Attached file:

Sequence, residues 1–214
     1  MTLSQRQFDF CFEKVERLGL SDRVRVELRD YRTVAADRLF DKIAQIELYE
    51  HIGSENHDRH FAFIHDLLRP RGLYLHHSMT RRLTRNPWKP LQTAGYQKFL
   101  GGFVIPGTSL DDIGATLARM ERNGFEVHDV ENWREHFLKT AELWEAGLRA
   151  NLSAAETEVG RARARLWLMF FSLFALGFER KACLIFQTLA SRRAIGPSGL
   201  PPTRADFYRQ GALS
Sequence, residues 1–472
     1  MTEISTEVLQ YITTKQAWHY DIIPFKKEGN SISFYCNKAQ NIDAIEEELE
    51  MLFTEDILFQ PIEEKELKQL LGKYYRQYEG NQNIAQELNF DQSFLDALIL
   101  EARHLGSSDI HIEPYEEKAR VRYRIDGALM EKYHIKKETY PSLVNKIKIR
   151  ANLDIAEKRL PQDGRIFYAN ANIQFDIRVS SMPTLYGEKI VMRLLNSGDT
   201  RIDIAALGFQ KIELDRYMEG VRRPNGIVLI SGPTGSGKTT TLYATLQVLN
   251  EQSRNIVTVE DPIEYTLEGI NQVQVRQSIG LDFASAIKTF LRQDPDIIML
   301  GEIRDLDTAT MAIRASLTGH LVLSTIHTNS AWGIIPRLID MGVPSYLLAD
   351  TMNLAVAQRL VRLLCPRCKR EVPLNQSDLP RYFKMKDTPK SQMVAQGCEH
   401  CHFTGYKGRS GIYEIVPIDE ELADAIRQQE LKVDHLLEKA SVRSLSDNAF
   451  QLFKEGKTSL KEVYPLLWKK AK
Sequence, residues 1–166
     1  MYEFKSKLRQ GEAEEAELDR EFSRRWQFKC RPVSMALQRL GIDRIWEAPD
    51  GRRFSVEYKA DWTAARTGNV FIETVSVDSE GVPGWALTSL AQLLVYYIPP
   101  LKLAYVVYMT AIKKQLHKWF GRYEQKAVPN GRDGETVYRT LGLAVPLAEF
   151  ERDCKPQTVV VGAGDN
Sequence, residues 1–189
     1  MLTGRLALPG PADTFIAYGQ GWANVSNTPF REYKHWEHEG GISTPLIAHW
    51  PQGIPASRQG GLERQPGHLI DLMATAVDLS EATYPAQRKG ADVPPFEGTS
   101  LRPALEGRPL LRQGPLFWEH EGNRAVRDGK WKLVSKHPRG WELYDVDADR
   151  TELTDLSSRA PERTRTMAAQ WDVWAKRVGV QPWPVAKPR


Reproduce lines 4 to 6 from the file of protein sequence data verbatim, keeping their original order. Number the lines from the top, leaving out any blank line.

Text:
   101  GGFVIPGTSL DDIGATLARM ERNGFEVHDV ENWREHFLKT AELWEAGLRA
   151  NLSAAETEVG RARARLWLMF FSLFALGFER KACLIFQTLA SRRAIGPSGL
   201  PPTRADFYRQ GALS